In a statement issued last week, Brown and Grassley said: “The Justice Department’s response is aggressively evasive.  It does not answer our questions.” They called Appelbaum’s letter “unsatisfactory,” noting that it failed to include a list of any outside experts consulted by the department.

“The Department’s only clear response was that it speaks to regulators and the banks themselves. So either regulators are urging the Department to take a soft approach, or the Department is easily swayed by misleading Wall Street arguments.”

The Justice Department “owes us a complete response,” they added.

A spokesman for the DOJ was not available for comment.

Jason M. Breslow

Jason M. Breslow, Former Digital Editor



In order to foster a civil and literate discussion that respects all participants, FRONTLINE has the following guidelines for commentary. By submitting comments here, you are consenting to these rules:

Readers' comments that include profanity, obscenity, personal attacks, harassment, or are defamatory, sexist, racist, violate a third party's right to privacy, or are otherwise inappropriate, will be removed. Entries that are unsigned or are "signed" by someone other than the actual author will be removed. We reserve the right to not post comments that are more than 400 words. We will take steps to block users who repeatedly violate our commenting rules, terms of use, or privacy policies. You are fully responsible for your comments.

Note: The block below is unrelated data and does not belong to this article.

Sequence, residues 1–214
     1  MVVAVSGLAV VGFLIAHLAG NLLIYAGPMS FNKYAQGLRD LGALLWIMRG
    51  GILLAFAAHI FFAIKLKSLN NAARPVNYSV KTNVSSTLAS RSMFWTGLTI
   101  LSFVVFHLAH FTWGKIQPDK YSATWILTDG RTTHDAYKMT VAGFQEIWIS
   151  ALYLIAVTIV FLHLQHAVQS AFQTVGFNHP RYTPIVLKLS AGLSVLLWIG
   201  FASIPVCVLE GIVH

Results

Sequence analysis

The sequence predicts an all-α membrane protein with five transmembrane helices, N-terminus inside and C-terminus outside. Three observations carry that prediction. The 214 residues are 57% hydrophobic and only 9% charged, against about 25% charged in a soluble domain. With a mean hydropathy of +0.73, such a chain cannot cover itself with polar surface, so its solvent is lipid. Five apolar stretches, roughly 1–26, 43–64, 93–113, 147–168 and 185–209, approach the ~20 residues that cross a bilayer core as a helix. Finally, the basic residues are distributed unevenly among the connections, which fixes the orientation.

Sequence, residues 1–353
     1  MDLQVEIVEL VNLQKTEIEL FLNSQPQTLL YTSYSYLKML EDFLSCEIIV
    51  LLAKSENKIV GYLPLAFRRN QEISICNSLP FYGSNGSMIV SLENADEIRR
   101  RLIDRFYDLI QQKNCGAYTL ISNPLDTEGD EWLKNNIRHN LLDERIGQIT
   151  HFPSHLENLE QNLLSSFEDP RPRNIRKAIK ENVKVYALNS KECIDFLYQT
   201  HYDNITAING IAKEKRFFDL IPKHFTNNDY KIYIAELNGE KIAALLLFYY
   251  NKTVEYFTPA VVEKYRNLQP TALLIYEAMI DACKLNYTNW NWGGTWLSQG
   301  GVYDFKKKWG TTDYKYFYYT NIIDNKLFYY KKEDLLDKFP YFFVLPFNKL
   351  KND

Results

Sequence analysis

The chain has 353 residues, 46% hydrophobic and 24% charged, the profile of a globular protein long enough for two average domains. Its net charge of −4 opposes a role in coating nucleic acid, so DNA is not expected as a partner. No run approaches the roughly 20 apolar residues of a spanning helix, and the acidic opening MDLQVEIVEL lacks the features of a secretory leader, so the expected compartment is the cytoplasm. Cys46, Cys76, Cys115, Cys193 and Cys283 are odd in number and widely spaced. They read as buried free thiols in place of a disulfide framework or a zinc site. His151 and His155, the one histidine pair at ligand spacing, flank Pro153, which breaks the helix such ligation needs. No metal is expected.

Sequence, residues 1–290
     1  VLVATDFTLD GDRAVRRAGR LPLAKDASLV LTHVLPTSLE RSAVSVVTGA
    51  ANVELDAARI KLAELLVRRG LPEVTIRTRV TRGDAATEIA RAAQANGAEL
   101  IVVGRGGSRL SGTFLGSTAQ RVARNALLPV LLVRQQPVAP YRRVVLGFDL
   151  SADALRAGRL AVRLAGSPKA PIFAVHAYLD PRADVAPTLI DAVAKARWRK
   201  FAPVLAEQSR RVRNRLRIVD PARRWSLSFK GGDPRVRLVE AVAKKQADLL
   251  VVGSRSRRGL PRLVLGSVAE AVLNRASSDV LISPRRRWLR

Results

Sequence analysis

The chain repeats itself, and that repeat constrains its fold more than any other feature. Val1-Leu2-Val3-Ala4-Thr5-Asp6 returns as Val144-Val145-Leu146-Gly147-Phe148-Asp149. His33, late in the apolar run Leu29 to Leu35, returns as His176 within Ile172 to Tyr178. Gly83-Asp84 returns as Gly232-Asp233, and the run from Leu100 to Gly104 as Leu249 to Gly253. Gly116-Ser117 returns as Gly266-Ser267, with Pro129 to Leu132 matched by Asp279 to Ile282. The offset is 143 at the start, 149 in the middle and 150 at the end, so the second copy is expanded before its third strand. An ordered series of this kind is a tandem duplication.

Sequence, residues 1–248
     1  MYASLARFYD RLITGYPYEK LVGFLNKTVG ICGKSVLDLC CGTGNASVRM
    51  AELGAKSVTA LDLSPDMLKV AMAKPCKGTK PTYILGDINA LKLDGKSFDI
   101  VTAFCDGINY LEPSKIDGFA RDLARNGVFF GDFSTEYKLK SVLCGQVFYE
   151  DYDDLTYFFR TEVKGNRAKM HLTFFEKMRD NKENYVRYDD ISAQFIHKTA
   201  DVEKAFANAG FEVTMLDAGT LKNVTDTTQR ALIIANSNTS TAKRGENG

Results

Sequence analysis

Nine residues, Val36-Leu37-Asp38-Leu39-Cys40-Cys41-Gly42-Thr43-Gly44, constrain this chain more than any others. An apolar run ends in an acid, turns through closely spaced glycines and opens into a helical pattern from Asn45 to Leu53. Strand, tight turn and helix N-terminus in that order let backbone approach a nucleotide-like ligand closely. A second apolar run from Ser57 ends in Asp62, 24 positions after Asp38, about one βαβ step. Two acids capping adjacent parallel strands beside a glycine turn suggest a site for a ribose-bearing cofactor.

blog comments powered by Disqus

More Stories

New Data on Utah Police Shootings and Race Called ‘Extremely Uncomfortable’, ‘Disappointing’
Racial and ethnic minorities account for a third of the people shot at by Utah police over the past decade — despite these groups making up just a quarter of the population.
September 20, 2021
Most Minneapolis Voters Believe Crime Is on the Rise, New Poll Finds
An overwhelming majority of likely Minneapolis voters say crime is on the rise, a view strongly held by residents of every race, gender and age group across the city, according to a new Minnesota poll, our Local Journalism Initiative partner the Star Tribune reports.
September 18, 2021
Minnesota Poll: Most Minneapolis Voters Want Reform, Not Fewer Cops
A clear majority of Minneapolis voters oppose reducing the size of the city’s police force — a feeling that’s especially strong among Black voters, according to a new poll. At the same time, voters are showing support for replacing the police department with a new agency, our Local Journalism Initiative partner the Star Tribune finds.
September 18, 2021
Get the Backstory on Duterte’s ‘War on Drugs’ as ICC Green Lights Investigation into Philippines Killings
With the International Criminal Court authorizing an official investigation into Philippine President Rodrigo Duterte’s bloody “war on drugs," these two documentaries and one podcast episode offer context.
September 17, 2021